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Int J Radiat Oncol Biol Phys. 1994 Jan 1;28(1):189-99.

Interstitial hyperthermia and high dose rate brachytherapy in the treatment of anal cancer: a phase I/II study.

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  • 1Department of Radiotherapy, University Clinic of Radiology, Graz, Austria.

Abstract

PURPOSE:

The rate of local failure is sufficiently high following sphincter conserving surgery and radiation therapy for advanced anal cancers to warrant investigation of improved local treatment techniques. This Phase I/II study was undertaken to investigate the site-specific toxicities and response of Stage II and III anal cancers to interstitial thermoradiotherapy using a hot water interstitial system.

METHODS AND MATERIALS:

Between September 1988 and March 1991, 14 patients with primary carcinomas of the anal canal, UICC Stage T2-3, N0-1, M0, were treated with split-course external beam irradiation to the pelvis (30 Gy + 20 Gy) and 1 or 2 interstitial Iridium-192 high dose rate (Ir-192 HDR) implants (6-8 Gy each) immediately followed by interstitial hyperthermia (HT). Patients with tumor diameters > 3 cm were scheduled to receive chemotherapy consisting of 2 courses of 5-fluorouracil and mitomycin C given concomitantly with external beam radiation. Interstitial hyperthermia was induced by circulating warm water through the needles that were implanted to hold the Ir-192 source. The treatment goal was to achieve and maintain a temperature of 42.5 degrees C over a time period of 40 min. A 3-point thermocouple probe inserted into one or two additional needles was used for thermometry. The temperatures were recorded by manual mapping along these needles at steps of 0.5 or 1 cm.

RESULTS:

A total of 20 Ir-192 HDR-HT implants were performed in 14 patients. All but two patients completed the external beam irradiation; five patients received concomitant chemotherapy. Analysis of thermal parameters showed that minimum intratumoral temperatures (Tmin) of 42 degrees C, 42.5 degrees C, 43 degrees C, and 44 degrees C were achieved in 64%, 37.5%, 14%, and 7% of patients, respectively. Intratumoral mean Tmin, mean average, and mean maximum temperatures for these patients were 41.7 degrees C, 42.4 degrees C, and 43.4 degrees C, respectively. Brachytherapy and HT were well tolerated. Clinical complete responses (cCR) were obtained in 11/14 (78.5%) patients, complete histopathological responses (pCR) in 10/14 (71%). Only one patient with pCR recurred and succumbed to her disease. Patients with persistent disease (1 minimal and 3 partial responders, including 1 cCR) underwent abdominal-perineal resection but subsequently died from local-regional recurrence. One patient with pCR died from unrelated causes. Median survival for all patients from onset of radiation to death or last follow-up is 26 months. Eight patients are alive disease-free after a follow-up ranging from 16-44 months (median: 30, mean: 30 months). Treatment complications were limited to two patients who developed persistent ulcers. Sphincter function was maintained in 50% of patients.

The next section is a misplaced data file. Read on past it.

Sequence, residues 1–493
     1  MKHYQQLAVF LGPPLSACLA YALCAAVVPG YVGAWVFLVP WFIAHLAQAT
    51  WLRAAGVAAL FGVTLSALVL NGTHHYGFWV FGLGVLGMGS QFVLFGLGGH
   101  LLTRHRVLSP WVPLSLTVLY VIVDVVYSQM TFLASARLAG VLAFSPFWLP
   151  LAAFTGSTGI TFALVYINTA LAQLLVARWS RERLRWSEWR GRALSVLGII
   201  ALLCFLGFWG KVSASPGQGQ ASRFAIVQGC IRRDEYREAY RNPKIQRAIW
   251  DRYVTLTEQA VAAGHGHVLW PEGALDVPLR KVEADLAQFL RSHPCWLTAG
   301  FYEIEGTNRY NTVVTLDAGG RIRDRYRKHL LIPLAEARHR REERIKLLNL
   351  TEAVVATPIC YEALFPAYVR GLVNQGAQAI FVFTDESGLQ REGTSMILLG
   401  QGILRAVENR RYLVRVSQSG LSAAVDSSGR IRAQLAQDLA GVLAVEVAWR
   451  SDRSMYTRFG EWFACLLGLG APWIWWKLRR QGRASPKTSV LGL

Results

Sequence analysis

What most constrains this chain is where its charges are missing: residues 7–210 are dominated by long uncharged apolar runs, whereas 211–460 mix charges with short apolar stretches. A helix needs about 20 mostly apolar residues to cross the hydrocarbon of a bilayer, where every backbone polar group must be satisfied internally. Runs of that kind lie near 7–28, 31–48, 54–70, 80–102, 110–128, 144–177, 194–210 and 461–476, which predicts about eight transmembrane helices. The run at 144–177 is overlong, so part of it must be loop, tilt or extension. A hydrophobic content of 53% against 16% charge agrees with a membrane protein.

CONCLUSION:

This study demonstrates that interstitial warm water hyperthermia in combination with brachytherapy for anal carcinomas is feasible and did not add to complications when compared to studies employing external beam irradiation and brachytherapy alone. The thermal parameters obtained by the warm water system compare favorably to those reported by others using radiofrequency and microwave systems.

PMID:
8270441
[PubMed - indexed for MEDLINE]
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